By Pat Gunther
Local MC and Ardmore, Okla. native Bryan Marcel Williams, better known as Marcel P. Black, is putting a brand new twist on the constantly changing genre of hip-hop.
With the release of his seventh project in six years, titled Black Collar, Marcel offers up something seldom heard in Baton Rouge’s musical landscape. “As hip hop grows older, the music doesn’t really grow older, it still stays like a young 20-something kid, a freshman in college,” Black said. “And as I grow older I’m having conversations with people like myself who are professionals, they have families… and so whatever a Young Thug or Migos is talking about, nobody my age can really relate to them.”
It’s Black’s recognition of this fact that has led him from recording with his high-school buddies in Oklahoma to a bonafide rapper, performing alongside the likes of Killer Mike and El-P in August of 2013.
“I know a whole lot more people who are just trying to make ends meet and trying to make sure they have enough money to get their kids Christmas presents,” he said. “It’s more people going through the everyday struggle or whatever, and so, pretty much this album is me growing into my 30s and just understanding like there needs to be a voice for people like myself, as opposed to everything else out there.”
So, in that vein, Black has developed a new, personal concept that he refers to as “Black Collar”
“If you’re white collar you are the man, if you’re blue collar you’re working for the man, and if you’re black collar that means you’re a man or woman trying to take their own destiny into their own hands and create something,” he explained.
The 31-year-old husband and father of two then took it upon himself to develop this new project from January to July of 2013, going on hiatus several weeks at a time waiting on the final production to come in.
Working with a slew of producers, such as his cousin and Chicago-native J Filly, CZA for Crescent Kingz and Klassik Beats has allowed Black to create something that only the father of two children and youth development worker could.
“I can say Marcel P. Black the artist is 99.5% Bryan Marcel Williams, the husband, the father, the worker, the son,” Black revealed. “I mean I’m literally there as a male figure for some of these young brothers and sisters cause they end up wylin’ out and they need somebody positive, and they kinda just need someone to redirect them. It’s a fight every single day.”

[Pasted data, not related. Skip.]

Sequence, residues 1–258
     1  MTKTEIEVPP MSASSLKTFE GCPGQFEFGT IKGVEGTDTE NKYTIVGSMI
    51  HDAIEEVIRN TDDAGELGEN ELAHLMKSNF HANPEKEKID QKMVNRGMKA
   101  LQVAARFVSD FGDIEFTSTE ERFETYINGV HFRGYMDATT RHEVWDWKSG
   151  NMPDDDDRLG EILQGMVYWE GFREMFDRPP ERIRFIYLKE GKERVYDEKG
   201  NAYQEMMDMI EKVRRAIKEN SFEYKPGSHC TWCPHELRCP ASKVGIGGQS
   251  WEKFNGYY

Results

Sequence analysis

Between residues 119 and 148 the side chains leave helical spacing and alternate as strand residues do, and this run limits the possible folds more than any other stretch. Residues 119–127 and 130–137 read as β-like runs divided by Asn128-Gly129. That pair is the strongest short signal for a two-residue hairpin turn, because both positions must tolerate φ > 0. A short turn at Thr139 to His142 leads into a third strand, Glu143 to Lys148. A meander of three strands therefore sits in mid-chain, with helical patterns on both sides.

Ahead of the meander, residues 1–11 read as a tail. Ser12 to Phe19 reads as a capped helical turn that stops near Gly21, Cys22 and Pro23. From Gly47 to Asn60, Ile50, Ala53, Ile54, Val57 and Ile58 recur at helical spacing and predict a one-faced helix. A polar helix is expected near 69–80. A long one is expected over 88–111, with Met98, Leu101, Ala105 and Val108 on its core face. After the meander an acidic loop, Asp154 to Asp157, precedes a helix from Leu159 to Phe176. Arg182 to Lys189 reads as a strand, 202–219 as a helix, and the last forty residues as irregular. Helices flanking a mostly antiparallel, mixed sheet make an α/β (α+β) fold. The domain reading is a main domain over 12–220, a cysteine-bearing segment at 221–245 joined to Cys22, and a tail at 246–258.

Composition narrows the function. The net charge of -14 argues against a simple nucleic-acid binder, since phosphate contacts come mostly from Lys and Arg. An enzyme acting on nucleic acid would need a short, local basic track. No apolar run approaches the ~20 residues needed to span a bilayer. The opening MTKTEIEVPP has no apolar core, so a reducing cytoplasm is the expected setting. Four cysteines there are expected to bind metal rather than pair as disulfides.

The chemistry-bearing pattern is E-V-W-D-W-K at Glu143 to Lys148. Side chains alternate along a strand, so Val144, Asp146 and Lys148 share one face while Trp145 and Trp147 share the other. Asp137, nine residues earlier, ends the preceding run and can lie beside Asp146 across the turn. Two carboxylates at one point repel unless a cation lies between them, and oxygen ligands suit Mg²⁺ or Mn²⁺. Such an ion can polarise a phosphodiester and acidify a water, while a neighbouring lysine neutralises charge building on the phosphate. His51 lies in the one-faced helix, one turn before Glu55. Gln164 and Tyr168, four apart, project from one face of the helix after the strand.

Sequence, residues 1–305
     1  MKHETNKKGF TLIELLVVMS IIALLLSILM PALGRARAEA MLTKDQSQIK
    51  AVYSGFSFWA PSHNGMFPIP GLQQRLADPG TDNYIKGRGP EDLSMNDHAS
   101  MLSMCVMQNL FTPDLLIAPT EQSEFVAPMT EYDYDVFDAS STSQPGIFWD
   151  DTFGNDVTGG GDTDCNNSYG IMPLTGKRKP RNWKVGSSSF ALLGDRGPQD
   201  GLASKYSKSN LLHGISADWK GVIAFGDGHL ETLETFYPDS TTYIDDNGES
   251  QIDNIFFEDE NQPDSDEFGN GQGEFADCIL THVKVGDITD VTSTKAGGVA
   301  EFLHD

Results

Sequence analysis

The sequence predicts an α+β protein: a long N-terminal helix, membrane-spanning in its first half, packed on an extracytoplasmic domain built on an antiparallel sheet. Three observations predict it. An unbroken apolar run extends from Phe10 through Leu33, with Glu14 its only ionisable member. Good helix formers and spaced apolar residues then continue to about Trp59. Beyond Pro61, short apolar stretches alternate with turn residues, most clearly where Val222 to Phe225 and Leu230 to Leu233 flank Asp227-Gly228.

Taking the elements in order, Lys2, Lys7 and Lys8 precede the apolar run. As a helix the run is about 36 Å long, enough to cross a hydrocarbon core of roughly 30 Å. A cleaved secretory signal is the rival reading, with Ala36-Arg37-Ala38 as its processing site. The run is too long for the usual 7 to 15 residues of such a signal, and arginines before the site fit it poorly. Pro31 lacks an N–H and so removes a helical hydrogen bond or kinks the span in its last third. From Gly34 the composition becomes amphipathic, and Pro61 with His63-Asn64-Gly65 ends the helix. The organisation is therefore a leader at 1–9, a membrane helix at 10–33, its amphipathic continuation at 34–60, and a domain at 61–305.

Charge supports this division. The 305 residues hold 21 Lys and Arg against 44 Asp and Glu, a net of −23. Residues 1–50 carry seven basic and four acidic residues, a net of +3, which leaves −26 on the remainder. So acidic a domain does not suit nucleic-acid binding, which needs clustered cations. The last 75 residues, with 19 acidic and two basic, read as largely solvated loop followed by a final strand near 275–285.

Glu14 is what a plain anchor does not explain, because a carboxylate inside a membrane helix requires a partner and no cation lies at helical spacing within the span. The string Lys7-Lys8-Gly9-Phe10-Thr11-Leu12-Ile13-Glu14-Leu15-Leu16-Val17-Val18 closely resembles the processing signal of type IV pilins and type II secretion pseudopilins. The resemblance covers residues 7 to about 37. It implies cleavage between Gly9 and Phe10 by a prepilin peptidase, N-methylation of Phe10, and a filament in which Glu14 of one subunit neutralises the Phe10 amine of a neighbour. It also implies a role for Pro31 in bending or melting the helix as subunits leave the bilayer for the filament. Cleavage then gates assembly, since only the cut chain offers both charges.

Despite all of this, though, Black is not willing to sacrifice lyrical depth or production quality to send a positive, clean message that inspires others.
“It was an experiment to see, like people always say, ‘We don’t like conscious rap because we don’t like the production,’” Black told me over coffee. “Alright, well cool, I’ll give you some conscious rap over the same type of production you listen to in the club or over the radio, and tell me you don’t like it.”
With all odds against him in today’s radio single, drug-dealing, gun totting bombast, Black’s strategy has paid off.
“My fan base grew, my show bookings grew, and festivals and things of that nature all came from it,” he said. “So I was trying to prove a point, I was kinda bending myself to show everybody else I could step into new terrain.”
For people thirsting for a change of pace and some positive, well-intentioned hip-hop, Black Collar and its unexplored territory will be on full display at the Lagniappe Records Release Party on Sunday, December 14th. When asked about his hopes for the turnout, Black kept it concise: “It has evidence of true-school hip hop, and at the same time he’s trying to push the culture forward. It’ll be a very energetic, fun, live show.”
Visit marcelpblack.bandcamp.com to download Black Collar, or check out the album release party for physical copies, older material and merchandise.